After finishing at the park, we drove to downtown Vicksburg. They have a levee wall along the Yazoo River with murals painted along it. We drove past, but didn't find a parking place, so didn't stop. It reminded me of the wall in Paducah, Kentucky.

Downtown Vicksburg is the home to the Biedenharn Coca-Cola Museum. The restored 1890 building is where Coca-Cola was first bottled in 1894.

We've seen an interesting tree in the south with maple like leaves and spiny balls hanging from its branches. I found out its the sweet gum tree. The balls protect its seeds. Very interesting!

Whenever we travel to a new area for us, I try to remember to look at the Roadside America website for unusual or quirky things to see. One of them is a cell tower shaped like the Washington Monument along I-55 in Ridgeland, Mississippi.

Don’t wish upon a star – Reach for one!

Sunday, November 6, 2016

Tupelo and Natchez Trace Parkway

We've been at Natchez Trace RV Park near Tupelo, Mississippi for the past week. We've experienced some beautiful weather and had some time to relax, as there doesn't seem to be much to do in Mississippi. Our original plan was to arrive at Gulf State Park in Gulf Shores, Alabama on December 1st, and explore as we slowly made our way south. We've actually reserved our site in Gulf Shores beginning on November 11th because there just wasn't that much we were interested in exploring on our way there.

Tupelo's claim to fame is that Elvis Presley was born here on January 8, 1935 in a house his father built, pictured below. I didn't know that he had a twin who was still born. The Presleys lived in Tupelo until Elvis was 13 years old when they moved to Memphis to try to make a better life, as they were quite poor in Tupelo.

There is a nice park near downtown dedicated to Elvis. A museum, memorial chapel, birth house, childhood church, statues and fountains are all in the park. You can pay to get a tour and see the museum, or you can just wander around for free. We are not super big Elvis fans, so we just wandered around a bit.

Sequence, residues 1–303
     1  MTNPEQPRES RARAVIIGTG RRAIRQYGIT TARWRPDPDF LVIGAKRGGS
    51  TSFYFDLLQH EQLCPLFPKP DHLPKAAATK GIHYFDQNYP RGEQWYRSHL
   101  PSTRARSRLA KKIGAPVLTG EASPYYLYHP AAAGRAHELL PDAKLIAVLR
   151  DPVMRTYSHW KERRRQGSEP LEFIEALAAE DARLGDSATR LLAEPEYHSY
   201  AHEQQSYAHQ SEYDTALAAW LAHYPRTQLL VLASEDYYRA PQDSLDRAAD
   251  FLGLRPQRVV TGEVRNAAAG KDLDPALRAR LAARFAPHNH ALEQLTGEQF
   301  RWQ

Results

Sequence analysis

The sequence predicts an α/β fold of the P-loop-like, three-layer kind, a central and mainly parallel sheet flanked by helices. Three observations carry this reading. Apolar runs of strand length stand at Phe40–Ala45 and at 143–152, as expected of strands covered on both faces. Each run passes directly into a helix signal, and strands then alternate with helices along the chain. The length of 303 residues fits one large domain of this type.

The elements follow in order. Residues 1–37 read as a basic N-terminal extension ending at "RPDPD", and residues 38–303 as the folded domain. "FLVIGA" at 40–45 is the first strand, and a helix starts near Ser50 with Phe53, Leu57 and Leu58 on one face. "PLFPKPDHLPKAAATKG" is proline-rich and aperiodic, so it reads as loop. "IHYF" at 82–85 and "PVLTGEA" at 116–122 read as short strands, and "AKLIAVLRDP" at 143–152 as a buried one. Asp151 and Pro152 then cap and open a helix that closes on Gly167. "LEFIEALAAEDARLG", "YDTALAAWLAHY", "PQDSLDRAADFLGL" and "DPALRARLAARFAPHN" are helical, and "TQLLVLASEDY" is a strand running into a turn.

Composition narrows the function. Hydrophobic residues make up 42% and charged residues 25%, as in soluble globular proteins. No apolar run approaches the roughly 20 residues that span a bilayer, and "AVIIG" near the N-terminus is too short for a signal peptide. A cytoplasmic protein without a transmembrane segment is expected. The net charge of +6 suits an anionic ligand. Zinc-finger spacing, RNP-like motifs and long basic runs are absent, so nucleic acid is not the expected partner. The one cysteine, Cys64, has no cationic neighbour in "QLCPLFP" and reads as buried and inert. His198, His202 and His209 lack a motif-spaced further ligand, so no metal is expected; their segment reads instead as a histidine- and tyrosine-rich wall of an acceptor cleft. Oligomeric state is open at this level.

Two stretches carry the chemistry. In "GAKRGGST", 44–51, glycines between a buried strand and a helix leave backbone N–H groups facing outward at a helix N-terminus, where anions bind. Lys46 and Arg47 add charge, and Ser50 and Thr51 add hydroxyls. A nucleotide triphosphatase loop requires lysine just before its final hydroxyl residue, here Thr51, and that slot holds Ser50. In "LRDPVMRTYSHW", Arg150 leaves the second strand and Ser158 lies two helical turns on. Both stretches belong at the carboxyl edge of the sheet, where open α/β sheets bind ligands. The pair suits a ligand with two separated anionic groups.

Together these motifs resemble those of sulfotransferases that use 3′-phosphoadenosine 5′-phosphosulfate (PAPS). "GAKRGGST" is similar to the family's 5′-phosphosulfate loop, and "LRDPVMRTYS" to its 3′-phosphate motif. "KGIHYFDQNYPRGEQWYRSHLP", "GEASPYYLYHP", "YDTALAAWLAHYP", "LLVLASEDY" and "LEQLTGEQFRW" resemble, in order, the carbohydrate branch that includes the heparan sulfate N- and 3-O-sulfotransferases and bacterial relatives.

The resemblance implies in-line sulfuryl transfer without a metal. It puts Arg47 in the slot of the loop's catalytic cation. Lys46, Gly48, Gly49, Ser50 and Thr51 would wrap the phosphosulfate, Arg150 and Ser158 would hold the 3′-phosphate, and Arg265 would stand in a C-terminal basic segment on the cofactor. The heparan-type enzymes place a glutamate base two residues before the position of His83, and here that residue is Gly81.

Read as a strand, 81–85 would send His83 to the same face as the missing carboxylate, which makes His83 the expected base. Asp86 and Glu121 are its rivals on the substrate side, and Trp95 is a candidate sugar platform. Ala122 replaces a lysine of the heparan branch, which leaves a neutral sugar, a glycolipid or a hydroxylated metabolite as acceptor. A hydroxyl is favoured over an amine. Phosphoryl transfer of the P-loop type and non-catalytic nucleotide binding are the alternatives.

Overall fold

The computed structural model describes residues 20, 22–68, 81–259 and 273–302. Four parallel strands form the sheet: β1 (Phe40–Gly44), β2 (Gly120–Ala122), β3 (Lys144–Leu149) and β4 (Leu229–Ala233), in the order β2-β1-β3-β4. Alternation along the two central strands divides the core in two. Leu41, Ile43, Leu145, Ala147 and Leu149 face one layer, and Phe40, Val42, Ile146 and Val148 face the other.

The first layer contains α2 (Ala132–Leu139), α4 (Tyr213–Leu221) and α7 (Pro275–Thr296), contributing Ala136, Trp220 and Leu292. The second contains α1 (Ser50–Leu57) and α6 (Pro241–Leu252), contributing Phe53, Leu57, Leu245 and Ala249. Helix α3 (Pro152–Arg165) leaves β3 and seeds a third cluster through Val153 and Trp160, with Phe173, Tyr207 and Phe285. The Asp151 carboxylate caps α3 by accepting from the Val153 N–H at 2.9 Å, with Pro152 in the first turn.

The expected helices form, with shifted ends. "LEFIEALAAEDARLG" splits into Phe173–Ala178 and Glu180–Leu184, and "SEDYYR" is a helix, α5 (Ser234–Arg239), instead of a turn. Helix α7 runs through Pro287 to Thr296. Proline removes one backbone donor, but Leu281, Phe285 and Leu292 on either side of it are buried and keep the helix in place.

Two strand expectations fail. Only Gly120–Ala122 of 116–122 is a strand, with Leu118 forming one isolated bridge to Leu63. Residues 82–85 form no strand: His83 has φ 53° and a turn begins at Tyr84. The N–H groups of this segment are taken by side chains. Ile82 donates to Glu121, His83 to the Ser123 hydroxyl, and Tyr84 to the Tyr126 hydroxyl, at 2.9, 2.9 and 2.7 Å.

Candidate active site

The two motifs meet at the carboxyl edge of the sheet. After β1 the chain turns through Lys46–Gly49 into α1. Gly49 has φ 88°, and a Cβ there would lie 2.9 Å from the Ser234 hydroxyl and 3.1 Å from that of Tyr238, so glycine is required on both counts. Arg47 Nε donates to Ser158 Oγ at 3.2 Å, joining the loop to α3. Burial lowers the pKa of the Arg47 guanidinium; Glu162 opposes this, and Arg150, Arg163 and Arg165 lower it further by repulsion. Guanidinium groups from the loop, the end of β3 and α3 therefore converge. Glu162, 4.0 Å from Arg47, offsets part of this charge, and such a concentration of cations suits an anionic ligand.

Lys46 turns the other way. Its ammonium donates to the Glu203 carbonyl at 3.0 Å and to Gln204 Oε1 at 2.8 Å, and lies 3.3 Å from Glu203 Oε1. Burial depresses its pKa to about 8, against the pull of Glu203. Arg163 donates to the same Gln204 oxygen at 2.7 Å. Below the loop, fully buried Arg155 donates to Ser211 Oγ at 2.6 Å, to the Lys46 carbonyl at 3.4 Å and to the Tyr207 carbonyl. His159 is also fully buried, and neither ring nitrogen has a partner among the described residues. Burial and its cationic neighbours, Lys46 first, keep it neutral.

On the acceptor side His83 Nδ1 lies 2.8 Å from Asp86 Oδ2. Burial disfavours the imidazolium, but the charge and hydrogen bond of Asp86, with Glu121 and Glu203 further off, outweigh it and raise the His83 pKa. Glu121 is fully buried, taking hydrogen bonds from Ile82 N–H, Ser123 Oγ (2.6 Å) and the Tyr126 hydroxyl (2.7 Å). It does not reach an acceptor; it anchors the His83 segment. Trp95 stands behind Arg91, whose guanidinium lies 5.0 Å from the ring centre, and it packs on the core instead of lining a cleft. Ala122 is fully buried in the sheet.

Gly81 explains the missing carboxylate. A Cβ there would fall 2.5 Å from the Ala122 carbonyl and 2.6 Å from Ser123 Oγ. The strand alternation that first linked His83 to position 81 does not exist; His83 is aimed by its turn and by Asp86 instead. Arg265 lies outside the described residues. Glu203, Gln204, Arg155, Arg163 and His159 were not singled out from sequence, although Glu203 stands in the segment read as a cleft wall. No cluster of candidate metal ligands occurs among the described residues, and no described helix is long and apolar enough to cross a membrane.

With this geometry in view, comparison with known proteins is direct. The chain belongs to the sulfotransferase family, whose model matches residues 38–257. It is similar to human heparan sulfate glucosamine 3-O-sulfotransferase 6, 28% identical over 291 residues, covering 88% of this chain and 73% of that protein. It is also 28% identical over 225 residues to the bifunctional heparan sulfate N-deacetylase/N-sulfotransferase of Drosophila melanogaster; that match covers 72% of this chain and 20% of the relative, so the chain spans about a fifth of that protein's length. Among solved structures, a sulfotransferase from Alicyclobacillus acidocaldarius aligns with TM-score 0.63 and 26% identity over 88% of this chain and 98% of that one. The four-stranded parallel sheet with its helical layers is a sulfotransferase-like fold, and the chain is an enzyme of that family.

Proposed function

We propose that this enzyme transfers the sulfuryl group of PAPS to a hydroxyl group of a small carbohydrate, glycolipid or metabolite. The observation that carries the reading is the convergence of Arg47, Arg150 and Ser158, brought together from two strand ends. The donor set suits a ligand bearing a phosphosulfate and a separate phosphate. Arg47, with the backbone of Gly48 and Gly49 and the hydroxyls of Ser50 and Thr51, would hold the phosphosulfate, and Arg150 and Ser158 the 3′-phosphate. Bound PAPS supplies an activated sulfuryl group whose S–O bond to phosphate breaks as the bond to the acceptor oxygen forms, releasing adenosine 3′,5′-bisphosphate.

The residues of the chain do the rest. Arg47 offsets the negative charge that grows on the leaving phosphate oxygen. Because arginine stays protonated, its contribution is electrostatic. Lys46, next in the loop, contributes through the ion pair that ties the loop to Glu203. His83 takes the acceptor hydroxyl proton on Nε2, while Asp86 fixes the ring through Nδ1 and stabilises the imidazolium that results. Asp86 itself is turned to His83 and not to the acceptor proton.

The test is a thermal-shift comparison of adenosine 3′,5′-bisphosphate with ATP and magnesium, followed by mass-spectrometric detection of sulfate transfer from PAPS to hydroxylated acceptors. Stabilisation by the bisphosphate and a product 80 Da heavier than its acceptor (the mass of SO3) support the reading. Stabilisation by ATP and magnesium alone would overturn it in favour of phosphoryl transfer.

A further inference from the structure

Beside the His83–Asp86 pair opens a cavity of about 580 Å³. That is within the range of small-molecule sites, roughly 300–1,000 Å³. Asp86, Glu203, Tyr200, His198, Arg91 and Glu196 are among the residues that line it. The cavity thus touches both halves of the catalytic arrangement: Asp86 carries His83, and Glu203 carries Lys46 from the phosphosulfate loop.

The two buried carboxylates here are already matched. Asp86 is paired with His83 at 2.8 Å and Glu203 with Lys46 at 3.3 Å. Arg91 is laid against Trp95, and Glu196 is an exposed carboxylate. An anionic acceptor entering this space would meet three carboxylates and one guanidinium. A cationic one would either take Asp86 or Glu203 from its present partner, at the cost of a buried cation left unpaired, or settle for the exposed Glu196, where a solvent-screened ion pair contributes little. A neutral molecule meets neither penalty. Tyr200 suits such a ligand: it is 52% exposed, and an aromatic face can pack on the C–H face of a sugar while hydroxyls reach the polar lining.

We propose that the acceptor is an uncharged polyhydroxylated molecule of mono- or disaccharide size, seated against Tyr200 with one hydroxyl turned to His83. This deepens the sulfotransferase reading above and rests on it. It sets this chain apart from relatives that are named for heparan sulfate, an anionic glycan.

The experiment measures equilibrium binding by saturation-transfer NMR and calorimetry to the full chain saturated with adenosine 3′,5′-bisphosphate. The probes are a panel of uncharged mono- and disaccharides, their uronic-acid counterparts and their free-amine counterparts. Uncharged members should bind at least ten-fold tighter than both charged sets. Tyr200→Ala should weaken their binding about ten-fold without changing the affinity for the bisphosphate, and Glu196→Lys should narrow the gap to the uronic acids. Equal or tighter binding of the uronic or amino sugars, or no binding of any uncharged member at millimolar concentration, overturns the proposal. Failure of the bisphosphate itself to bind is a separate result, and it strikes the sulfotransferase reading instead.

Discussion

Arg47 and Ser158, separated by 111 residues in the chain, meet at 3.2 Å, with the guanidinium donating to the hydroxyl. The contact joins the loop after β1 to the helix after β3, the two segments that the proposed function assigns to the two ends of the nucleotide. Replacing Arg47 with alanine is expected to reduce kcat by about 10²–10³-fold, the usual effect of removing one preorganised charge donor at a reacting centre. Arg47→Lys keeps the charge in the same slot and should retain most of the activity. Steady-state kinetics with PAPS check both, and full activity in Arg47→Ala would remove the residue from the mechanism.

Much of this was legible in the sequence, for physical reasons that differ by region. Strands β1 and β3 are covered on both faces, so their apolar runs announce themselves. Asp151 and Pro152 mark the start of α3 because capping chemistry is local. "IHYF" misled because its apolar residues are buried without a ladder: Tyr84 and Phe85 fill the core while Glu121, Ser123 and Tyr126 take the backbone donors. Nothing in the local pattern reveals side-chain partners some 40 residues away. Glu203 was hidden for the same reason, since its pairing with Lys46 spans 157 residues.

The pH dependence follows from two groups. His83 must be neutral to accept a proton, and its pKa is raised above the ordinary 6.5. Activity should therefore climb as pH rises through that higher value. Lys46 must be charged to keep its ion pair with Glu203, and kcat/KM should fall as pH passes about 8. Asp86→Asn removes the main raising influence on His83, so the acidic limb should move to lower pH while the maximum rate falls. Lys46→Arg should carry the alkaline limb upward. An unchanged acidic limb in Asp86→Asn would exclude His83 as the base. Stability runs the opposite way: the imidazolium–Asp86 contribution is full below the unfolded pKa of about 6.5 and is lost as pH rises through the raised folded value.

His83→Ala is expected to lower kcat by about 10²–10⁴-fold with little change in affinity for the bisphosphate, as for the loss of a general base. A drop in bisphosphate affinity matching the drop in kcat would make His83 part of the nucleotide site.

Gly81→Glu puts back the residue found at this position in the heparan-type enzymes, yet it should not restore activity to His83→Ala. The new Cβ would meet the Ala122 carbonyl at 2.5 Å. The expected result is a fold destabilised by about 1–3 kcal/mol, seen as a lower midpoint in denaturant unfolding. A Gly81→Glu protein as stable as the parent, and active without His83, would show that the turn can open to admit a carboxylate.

We did go into the gift shop and found out we could watch the movie about his life in Tupelo for free. This picture of Elvis as a boy was on the wall.

This statue represents Elvis at age 13 when the family moved away.

His childhood church was moved from a block away to the museum grounds. Elvis enjoyed singing and often sang in church.

For his 11th birthday, Elvis really wanted a rifle or bicycle. His mother took him to Tupelo Hardware to pick out his present, but she wouldn't let him get the gun or bike as she thought he would hurt himself with either of them. A store clerk showed him a guitar, and although he really didn't want it,  his mother bought it for him for $7.75. As they say, the rest is history! The hardware store opened in 1926 and is still in business being run by the fourth generation of the Booth family.

While we were here, we also visited the Natchez Trace Parkway Visitor Center. I had heard of this parkway, but really didn't know much about it. It's a 440 mile scenic road that goes from Nashville, Tennessee to Natchez, Mississippi. Commercial vehicles are not allowed, but recreational vehicles are.

We discovered that the route was used by Indians many years ago. Traders from the north would bring their goods down the Mississippi River on flatboats to sell in the south. Since they couldn't take their boats back upriver, they would sell the boats as well and use the Natchez trail to walk back home. It became a popular route and was used heavily until steam ships were invented. The trail was becoming overgrown when the Daughters of the American Revolution members lobbied the government to have it paved and preserve the roadway for its natural and cultural heritage.

One of the brochures I picked up about Tupelo suggested eating at the Neon Pig Cafe. They have a burger called the Smash Burger that was voted as the best burger in America in 2015 by (which I've never  heard of). The cafe is a farm to table establishment and also a butcher shop and market. The burger is made of a mix of ground steaks and has a hearty smokey flavor. We each ordered one, but neither one of us were too impressed. It was actually too smokey for my taste, and we both ended up with indigestion to boot. Oh well, you win some, you lose some.

Tomorrow we're heading to Jackson, Mississippi for a few days. We'll see what we can find to explore there.

Don’t wish upon a star – Reach for one!